Have you seen the deals? Consumers who aren’t too particular can snag a $20,000–$25,000 compact sedan with staggeringly high incentives of up to $4,000. That’s the market the 2019 Volkswagen Jetta enters; the redesigned car competes against cars pretending they belong in a lower price class. But after testing a $23,005 2019 Jetta SE sedan, VW shouldn’t need to adopt similarly aggressive tactics, at least at first. We drove Volkswagen’s most affordable and best-selling sedan on the track and in the real world to determine what the German car can offer against the segment leader, the Civic, as well as the rest of the class.
Not every car with a down-payment-sized discount is worth driving. Every buyer’s situation is different, but sometimes it’s worth paying a little more for a better day-in, day-out experience. Those willing to give VW a chance will find the 2019 Jetta a decently well-rounded and very quick package. Yes, quick. The 2019 Jetta SE would have smoked all seven cars in our comprehensive 2016 Big Test of compact sedans, a comparison a base-engine Civic won over the last-gen Jetta and five others. Although the outgoing Jetta offered 20 hp more on more expensive models, every 2019 Jetta with the 1.4-liter turbo-four is rated at 147 hp at 5,000 rpm and 184 lb-ft of torque at just 1,400 rpm.
With a quick-shifting eight-speed automatic, the new Jetta hits 60 mph in just 7.6 seconds. That’s ahead of a 2.0-liter 2016 Civic sedan (8.6 seconds), 2016 Chevrolet Cruze sedan (8.2 seconds), 2.0-liter 2017 Hyundai Elantra sedan (8.9 seconds), and a slow-poke 2018 Toyota Corolla (9.9 seconds). The Civic’s turbocharged engine option hits 60 in a quicker 6.8 seconds. The Jetta’s response to full throttle from a stop is a slight hesitation followed by more oomph than you might expect from a 147-hp car. For a compact car with EPA ratings of 30/40 mpg city/highway—good but a tiny bit below the Civic sedan—passing acceleration is responsive, too.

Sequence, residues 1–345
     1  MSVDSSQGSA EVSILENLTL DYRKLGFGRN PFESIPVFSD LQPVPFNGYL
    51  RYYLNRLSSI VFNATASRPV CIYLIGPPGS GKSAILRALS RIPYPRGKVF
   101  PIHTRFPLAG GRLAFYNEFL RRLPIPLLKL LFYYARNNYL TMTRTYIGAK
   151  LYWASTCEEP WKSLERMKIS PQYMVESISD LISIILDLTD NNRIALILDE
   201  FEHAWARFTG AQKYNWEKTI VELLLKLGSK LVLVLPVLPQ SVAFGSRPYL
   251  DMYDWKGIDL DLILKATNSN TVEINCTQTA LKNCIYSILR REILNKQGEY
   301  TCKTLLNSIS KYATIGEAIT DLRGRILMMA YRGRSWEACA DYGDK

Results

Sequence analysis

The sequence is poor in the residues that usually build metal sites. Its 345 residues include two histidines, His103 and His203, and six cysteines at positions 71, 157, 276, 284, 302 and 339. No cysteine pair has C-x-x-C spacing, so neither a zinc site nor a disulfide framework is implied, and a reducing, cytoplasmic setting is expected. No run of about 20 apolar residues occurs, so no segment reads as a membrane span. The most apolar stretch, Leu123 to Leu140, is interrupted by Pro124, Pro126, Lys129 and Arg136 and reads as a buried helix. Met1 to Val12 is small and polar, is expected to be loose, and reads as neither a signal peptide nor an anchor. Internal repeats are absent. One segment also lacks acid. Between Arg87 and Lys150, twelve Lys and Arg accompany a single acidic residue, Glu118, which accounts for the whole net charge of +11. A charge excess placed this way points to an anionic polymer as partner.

Where the 2019 Jetta didn’t excel was its 127-foot braking distance from 60 to 0 mph. That ties the base-engine Civic and is a few feet shorter than the Corolla, but the Civic 1.5T, Elantra, and Cruze all stop shorter. Road test editor Chris Walton liked the Jetta’s firm pedal and good initial bite but said, “It feels like these tires have no grip for the rest of the trip to 0 mph.” Our SE-trimmed tester wore 205/60R16 all-season Bridgestone Ecopia tires; the higher R-Line and SEL Premium trims come with larger 17-inch alloy wheels wrapped in 205/55R17 all-season rubber. Around town, the tires keep quiet unless you’re moving quickly around curves. The Jetta can hold its own on a winding road, though the upcoming Jetta GLI model—with more power and a greater focus on sportiness—will likely be a better back-road companion.